RAY BROOK - Proponents of the fire towers atop St. Regis and Hurricane mountains rejoiced last week as officials at the Adirondack Park Agency approved a plan that will allow the towers to be restored at their current locations.
The APA's State Land Committee approved a resolution Oct. 14, that will classify a half-acre plot surrounding each tower as historic land and allow private fundraising groups to finance renovation and maintenance of the towers.
The decision, which passed 9-0 during the afternoon's Full Agency meeting, brings a tentative end to a long-running dispute over the towers' future.
In February, the state Department of Environmental Conservation proposed to remove the towers as the State Land Master Plan considers them non-conforming structures under their current classifications. Lands on St. Regis Mountain are classified as canoe area, while Hurricane Mountain is in the process of being reclassified from primitive to wilderness.
Both towers have been awarded designation on state and national registers of historic places, however, which required the DEC and APA to consider alternatives that would allow the towers to remain in place.
A series of public hearings conducted by the DEC and APA throughout the past several months drew dozens of comments.
Environmental groups in favor of the towers' removal claimed they disrupted the wilderness character of their surroundings, but the vast majority of people expressed a desire to see the towers stay, arguing they represented an important part of the region's history and culture.
The New York State Office of Parks and Recreation, too, indicated a preference to reclassify the land around the towers as historic, which would legally allow them to remain.
"For me this has been a difficult decision," said commissioner Richard Booth, noting his reluctance to circumvent the way fire towers were regarded in the SLMP "but I think the reality is that historic resources are at a different place than they were 30-plus years ago."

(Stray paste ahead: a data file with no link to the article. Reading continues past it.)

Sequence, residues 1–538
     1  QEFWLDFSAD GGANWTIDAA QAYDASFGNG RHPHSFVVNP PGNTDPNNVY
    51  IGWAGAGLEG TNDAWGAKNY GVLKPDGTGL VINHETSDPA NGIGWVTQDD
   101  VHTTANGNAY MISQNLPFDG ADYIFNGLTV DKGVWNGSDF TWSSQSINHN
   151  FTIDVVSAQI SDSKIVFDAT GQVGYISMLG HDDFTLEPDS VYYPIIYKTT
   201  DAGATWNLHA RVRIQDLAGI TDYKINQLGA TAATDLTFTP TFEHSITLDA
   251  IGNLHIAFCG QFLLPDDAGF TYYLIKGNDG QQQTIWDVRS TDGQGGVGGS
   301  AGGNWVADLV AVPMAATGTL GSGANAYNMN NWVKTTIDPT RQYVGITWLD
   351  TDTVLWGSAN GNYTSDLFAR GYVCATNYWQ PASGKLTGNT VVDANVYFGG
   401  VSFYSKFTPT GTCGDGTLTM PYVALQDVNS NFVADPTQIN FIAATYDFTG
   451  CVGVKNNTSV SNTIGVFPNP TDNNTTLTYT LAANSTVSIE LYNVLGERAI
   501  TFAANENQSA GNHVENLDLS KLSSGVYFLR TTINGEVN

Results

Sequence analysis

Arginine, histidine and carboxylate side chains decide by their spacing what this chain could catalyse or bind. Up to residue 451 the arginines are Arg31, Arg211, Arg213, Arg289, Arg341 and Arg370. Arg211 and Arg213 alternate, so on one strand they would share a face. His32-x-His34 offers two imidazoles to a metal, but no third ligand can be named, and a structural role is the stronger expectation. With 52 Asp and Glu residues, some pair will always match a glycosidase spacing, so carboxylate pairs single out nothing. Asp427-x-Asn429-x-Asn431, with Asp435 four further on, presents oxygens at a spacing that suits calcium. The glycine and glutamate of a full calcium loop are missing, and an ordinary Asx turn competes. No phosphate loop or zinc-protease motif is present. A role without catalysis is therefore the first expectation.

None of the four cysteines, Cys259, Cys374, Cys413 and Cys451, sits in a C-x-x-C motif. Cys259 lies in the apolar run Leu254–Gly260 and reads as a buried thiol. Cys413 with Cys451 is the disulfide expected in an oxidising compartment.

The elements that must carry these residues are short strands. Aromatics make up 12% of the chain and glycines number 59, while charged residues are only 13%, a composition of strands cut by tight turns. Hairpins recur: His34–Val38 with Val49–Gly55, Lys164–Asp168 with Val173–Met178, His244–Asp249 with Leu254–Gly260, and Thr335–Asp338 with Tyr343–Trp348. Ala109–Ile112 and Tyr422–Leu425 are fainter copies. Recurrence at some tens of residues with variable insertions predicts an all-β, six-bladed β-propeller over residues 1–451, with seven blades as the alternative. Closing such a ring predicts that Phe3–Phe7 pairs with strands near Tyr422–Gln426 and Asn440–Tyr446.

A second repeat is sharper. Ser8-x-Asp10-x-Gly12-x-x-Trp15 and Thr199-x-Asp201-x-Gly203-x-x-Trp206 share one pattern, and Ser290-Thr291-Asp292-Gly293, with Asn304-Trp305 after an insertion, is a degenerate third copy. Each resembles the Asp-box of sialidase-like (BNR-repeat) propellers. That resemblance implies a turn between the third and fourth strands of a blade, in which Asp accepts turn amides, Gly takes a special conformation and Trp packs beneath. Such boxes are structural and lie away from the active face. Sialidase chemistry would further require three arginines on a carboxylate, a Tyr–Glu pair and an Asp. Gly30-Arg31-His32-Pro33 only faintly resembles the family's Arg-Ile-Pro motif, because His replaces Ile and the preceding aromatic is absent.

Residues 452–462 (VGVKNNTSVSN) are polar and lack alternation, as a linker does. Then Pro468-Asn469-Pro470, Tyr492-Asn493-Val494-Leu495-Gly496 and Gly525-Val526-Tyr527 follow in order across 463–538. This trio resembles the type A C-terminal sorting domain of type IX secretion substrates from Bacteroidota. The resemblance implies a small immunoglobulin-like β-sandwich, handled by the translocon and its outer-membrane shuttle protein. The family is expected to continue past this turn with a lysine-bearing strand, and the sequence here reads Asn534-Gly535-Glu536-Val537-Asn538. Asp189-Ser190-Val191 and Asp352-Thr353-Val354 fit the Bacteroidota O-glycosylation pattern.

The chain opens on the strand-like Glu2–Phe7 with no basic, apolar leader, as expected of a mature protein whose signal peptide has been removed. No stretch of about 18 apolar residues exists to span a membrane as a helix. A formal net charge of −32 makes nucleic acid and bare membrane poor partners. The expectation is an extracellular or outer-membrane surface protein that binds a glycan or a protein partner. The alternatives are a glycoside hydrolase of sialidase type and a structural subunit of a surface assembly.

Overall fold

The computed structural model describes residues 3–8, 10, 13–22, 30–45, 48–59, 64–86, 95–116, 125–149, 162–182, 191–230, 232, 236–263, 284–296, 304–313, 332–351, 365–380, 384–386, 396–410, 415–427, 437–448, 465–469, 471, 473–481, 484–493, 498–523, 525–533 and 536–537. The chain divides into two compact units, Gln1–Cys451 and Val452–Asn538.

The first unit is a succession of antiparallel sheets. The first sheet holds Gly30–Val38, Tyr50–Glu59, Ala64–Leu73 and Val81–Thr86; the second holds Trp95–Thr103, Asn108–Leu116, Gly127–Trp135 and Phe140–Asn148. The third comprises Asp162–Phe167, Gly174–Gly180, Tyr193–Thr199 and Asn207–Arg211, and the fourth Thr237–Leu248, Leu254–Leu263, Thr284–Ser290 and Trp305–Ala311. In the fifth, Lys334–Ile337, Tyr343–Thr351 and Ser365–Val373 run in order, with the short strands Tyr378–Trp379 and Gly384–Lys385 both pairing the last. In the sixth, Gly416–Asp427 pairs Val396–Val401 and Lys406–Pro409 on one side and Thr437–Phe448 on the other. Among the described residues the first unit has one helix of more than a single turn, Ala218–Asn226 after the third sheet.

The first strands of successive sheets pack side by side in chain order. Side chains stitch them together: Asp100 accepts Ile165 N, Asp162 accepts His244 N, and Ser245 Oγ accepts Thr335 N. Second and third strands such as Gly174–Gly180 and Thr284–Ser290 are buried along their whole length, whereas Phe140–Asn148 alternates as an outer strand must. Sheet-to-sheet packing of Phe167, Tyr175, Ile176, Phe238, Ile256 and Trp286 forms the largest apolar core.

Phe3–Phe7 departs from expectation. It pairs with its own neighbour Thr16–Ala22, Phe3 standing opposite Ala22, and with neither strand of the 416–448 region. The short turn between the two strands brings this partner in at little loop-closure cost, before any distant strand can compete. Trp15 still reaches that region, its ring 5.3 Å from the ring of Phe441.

"I think these towers are absolutely a part of the history of the region," Booth added. "While there is an impact on the surrounding areas, other than aesthetic impact, it's an extremely limited impact."
DEC Region 5 director Betsy Lowe indicated that, with the state in the midst of a financial crisis, funds for the towers' restoration would likely have to come from community fundraising efforts.
The resolution enables maintenance of the fire towers but "does not require, obligate, or anticipate state funds for restoration."
One fundraising group, the Friends of Hurricane Mountain Fire Tower, claim they have already amassed $10,000 to assist in restoration of that tower.
"Obviously, we're very pleased with the decision," said David Petrelli, president of Friends of St. Regis Mountain Fire Tower, who estimates it would cost between $5,000 and $15,000 to make the tower safe and accessible for hikers.
But not all were as keen on reclassification as a solution.
"What the agency is doing is abandoning its responsibility towards wilderness," said Dan Plumley of Adirondack Wild: Friends of the Forest Preserve. "The further they stray away from their obligation to protect these areas, the closer they steer to their own oblivion."
"You can't be next door to a five-story metal structure and call it wilderness," he added.
Plumley said the better solution would have been to relocate the tower in a conforming area where it would be more accessible as an educational and cultural icon. He noted how the town of Keene passed a resolution offering a different location for the Hurricane
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"The agency failed to consider what we thought would have been a win-win situation," Plumley said.
According to Plumley, the postage-stamp historic classifications in the middle of vast wilderness areas set a dangerous precedent that could open up both public and private lands in the park to other non-conforming structures, such as cell towers and wind turbines.
"That's ridiculous," said Petrelli. "The reason this can all happen is because these are historic structures."
Work could begin on the St. Regis tower as early as next summer, Petrelli said, but noted there are still several steps that must first take place at the state level.
Meanwhile, Plumley said his group will now take their fight to the office of Gov. David A. Paterson, who must approve the APA resolution for it to take effect.
"We will be lobbying as well," Petrelli said, "but right now, the momentum is with us. Things are going pretty well right now, and I don't see any reason why the governor would step in at this point."